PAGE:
Wednesday, 8 July 2009

A tale of two dumplings

Some years ago now, my father-in-law had a stroke. So it was decided that, to lighten the load for my mother-in-law, we would have that year’s seder at our house.*

The seder meal is a fairly standard one — though it varies from family to family. The one I’m used to starts with chicken soup plus all the trimmings. Bits of chicken, noodles and — most particular and important of all — kneidlach. Little dumplings.

I’d eaten kneidlach many times, of course, and can’t say I’d liked them much. They’re the kind of thing, I guess, that you have to grow up eating to appreciate. About the size of a very large marble and the colour of a camouflaged tank, they’re heavy eating. To my mind, they’d be better put to use as large calibre ammunition.

I’d never made them, though. I’d not even watched someone make them. So, charged with providing a batch for fifteen or so people, I did what I thought was the most sensible thing. I looked up the recipe in Claudia Roden’s Book of Jewish Food — to Jewish food what the OED is to the English language.

I followed it carefully, finely chopping the coriander, beating the egg whites into peaks and folding them in with a knife. These kneidlach were fantastic, by far the best I had ever eaten — light, fluffy, fragrant, joyous.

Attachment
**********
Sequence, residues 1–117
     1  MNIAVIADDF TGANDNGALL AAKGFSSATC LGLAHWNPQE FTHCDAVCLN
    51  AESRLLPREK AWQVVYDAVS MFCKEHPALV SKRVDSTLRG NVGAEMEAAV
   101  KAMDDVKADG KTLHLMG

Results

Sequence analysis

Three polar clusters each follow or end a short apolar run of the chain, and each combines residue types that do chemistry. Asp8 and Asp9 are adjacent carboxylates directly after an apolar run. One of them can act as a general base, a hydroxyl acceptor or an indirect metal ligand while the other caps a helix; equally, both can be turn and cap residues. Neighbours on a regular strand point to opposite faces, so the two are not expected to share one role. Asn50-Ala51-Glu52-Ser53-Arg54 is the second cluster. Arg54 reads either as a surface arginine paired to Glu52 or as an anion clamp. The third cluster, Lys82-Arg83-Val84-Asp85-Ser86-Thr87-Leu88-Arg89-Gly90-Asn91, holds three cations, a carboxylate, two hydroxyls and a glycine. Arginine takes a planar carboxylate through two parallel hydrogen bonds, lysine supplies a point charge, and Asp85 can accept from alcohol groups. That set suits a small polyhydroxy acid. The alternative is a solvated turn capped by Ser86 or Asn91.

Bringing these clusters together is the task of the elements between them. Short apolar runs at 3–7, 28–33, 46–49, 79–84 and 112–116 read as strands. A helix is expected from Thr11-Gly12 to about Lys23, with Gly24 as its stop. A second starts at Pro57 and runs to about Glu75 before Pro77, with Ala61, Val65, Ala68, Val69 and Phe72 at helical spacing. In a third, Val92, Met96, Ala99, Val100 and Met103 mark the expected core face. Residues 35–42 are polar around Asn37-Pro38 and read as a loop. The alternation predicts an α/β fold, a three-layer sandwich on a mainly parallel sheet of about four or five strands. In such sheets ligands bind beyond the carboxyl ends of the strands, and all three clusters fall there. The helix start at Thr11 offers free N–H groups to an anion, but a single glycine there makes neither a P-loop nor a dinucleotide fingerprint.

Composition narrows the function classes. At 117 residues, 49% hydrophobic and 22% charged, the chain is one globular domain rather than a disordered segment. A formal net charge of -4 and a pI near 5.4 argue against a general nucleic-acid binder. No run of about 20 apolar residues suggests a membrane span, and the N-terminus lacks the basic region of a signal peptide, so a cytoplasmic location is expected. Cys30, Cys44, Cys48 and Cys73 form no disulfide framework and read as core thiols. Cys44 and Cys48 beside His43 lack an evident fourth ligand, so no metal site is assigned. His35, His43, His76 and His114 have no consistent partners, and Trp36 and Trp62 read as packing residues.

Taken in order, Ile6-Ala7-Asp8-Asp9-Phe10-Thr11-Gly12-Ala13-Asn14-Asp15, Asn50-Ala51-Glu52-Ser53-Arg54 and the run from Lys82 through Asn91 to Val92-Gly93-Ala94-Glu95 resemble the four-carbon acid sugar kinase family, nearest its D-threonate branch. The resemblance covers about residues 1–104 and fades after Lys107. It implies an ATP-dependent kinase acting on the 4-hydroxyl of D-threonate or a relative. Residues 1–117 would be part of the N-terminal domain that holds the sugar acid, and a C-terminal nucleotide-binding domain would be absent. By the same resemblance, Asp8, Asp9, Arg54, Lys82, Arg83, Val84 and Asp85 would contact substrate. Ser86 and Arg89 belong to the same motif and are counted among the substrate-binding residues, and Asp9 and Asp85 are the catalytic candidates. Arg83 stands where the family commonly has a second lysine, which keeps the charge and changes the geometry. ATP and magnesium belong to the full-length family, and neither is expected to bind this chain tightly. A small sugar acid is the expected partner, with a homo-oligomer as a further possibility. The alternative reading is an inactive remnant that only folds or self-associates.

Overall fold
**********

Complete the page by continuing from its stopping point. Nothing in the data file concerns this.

I’m not a big praiser of my own cooking in public but I was about to say something when I caught the air of general distaste around the table. These aren’t right, was the clear and general vibe. These are not kneidlach as we know them. But they’re much better, aren’t they — light, fluffy, fragrant etc etc. Absolutely, I was told. That’s what’s wrong with them. Kneidlach are meant to be heavy, leaden, drably coloured. Home is where the heartburn is, I guess.

So I never made kneidlach again. Which is where this story might have ended. Then I happened to be reading a New Yorker profile of Claudia Roden. In it, she told a story about what she, a Sephardic Jew from Cairo, thought of the food served by her husband’s Ashkenazi family in London. She found it quite awful, leaden, colourless and flavourless — dreary, central European, stodgy. In particular, she hated the kneidlach.

Years later, she took her revenge. When writing the kneidlach recipe for her masterwork, she invented her own recipe for them — a Sephardic reimagining of an Ashkenazi staple. Which, of course, was the one I followed so carefully. So light, so fragrant, so . . . inauthentic.

* The seder is the Passover meal, the one that Jesus is tucking into in the Da Vinci painting that the book got all coded up about.